THIS is where I spent Thursday and Friday of last week. Not in Chicago, where the Leadership Summit was hosted (I love Chicago). But at a satellite location in the Denver, CO area. I am one of 120,000 people internationally who joined this year’s Leadership Summit, some in person and many more via satellite. And I loved it.
This is not a first for me … I grew up in Illinois and have long been familiar with Willow Creek and their Summit. However, this year’s line-up of speakers was fresh, and my heart is a new organ from when I last attended a couple years ago. All this means that my thought processes and vision were stretched and challenged and refreshed. And that’s a very, very good thing.
I can’t possibly encapsulate everything I learned, and I’m still processing. But I can provide you with a few highlights. A handful of my favorite quotes are below:
- “The best thing you bring to the table of your organization every day is a filled up bucket & a heart that is right with God.” ~ Bill Hybels, Pastor, Willow Creek Community Church and author many, MANY times over.
- “The longer you’re down in your trenches, the easier it is to mistake the edge of your rut for the horizon.” ~ Gary Hamel, Director, Management Innovation Lab; Visiting Professor, London Business School
- “The main thing separating you from God is not your sin; it is your damnable reason for your good works.” ~ Tim Keller, author of The Prodigal God (I AM buying this book) and the bestselling The Reason For God, among others.
- “The really hard thing is not inventing, but re-inventing yourself and bringing about change.” ~ Gary Hamel
- RE: The Parable of the Prodigal Son in Luke 15 … “Both the older brother and younger brother are alienated from the Father’s heart. Both want his money. One does this by being very bad (irreligious) and the other does this by being very good (very religious).” ~ Tim Keller
- “Success is a self-correcting phenomena.” ~ Gary Hamel (Cheese-whiz, this guy is GOOD!)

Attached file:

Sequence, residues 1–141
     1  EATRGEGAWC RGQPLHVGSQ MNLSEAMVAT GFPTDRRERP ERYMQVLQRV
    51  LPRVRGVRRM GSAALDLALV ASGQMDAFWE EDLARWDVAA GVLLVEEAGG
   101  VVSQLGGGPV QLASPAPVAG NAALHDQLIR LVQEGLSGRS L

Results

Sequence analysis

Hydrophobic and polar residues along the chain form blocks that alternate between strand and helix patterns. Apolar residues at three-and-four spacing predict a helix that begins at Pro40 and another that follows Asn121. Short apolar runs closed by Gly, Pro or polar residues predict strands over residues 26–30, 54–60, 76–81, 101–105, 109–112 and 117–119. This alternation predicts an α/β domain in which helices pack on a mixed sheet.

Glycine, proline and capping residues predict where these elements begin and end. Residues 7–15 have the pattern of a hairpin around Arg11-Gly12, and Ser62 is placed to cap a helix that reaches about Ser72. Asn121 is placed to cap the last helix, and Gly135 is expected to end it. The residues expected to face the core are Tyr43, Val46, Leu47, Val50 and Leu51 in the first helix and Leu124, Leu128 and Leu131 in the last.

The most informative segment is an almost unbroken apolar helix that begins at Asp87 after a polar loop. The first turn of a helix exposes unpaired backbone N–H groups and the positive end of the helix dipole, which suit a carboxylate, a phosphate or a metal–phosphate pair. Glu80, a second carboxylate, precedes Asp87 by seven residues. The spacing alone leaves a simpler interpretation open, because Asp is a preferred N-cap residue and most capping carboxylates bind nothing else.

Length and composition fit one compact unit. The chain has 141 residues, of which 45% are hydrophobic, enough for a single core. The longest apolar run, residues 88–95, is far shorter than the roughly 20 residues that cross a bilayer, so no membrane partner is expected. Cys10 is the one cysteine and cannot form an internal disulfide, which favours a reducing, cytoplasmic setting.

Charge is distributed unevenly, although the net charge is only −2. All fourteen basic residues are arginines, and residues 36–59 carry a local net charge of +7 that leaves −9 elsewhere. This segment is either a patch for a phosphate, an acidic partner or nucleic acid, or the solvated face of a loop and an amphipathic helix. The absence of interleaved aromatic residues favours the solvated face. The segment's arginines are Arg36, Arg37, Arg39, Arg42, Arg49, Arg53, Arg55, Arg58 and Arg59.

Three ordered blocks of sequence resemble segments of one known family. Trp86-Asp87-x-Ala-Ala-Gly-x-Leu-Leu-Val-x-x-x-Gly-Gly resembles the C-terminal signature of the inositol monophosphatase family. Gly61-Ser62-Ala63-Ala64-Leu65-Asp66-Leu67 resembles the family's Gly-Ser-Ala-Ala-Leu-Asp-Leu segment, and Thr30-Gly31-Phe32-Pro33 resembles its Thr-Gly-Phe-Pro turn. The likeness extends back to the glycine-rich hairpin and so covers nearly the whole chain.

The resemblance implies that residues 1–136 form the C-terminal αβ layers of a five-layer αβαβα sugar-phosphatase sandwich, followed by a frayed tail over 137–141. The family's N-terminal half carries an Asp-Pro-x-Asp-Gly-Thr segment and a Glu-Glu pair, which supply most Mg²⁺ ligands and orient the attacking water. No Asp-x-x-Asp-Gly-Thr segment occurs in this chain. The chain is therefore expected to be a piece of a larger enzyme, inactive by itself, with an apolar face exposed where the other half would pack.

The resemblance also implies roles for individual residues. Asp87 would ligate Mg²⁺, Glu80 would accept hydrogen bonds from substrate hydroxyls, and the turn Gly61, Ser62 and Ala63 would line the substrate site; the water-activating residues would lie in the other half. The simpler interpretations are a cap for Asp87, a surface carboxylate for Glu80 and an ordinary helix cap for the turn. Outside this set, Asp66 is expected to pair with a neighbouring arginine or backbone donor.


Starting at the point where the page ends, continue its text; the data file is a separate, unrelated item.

- “Most leaders have the paralysis of analysis.” ~ Harvey Carey, Senior Pastor, Citadel of Faith Covenant Church, Detroit, MI
- “I think we don’t see the breadth of God’s power because we don’t create a context for the fulfillment of his word.” ~ Harvey Carey
I like Tom Keller’s comments about the prodigal son. Both sons are prodigal. It’s interesting the irreligious one woke up and smelled the coffee and came back to the father. The religious one – well, the parable leaves me wondering if he ever got reconciled in his heart to his father and brother.
I recall Jesus saying of the tax collectors and prostitutes, that many of them would enter into the Kingdom of heaven while many of the very religious would not.
“Integrity is being truthful about what you need to do to get out of a difficult situation. ” ~ Andrew Rugasira of founder and CEO of Good African Coffee.
“Don’t confuse motion with progress.” ~ David Gergen – Political Analyst and former White House Advisor
“Know what is your irreducible core. That which you stand for; can’t yield on it; will stand by it and if necessary, fall by it.” ~ Tony Blair – former Prime Minister for the United Kingdom.
Susan, you highlighted the one truth that has stuck with me ever since last week … the fact that the reckless, foolish son finally discovered the Father’s heart, while the “perfect” one never seemed to get it.
R, loved the Tony Blair quote … that’s a powerful one.
(ok sorry, totally blog stalking tonight, I wanted to catch up on all your posts) 🙂
LOVED the Tony Blair quote. We all need to know what we stand for and what we won’t give in on.
LOVED also what Tim Keller had to say about the Prodigal son, I never thought of the parable like that… and I took tons of notes on that one.
The one I have to say I took the most notes on though, was the Eyewitness to Power with David Gergen. He contributed so much experience and through a laid back interview gave more information on leadership than my pen could keep up with. One of my fave quotes from him was “It’s easy to confuse motion with progress in leadership” (David Gergen) It is so easy to see all the work we do in leadership as progress towards the goal when so often it isn’t. It’s motions, but unless it’s all going toward your goal and contributing to the greater purpose, it’s not progress, it’s motion.
Just some thoughts. 🙂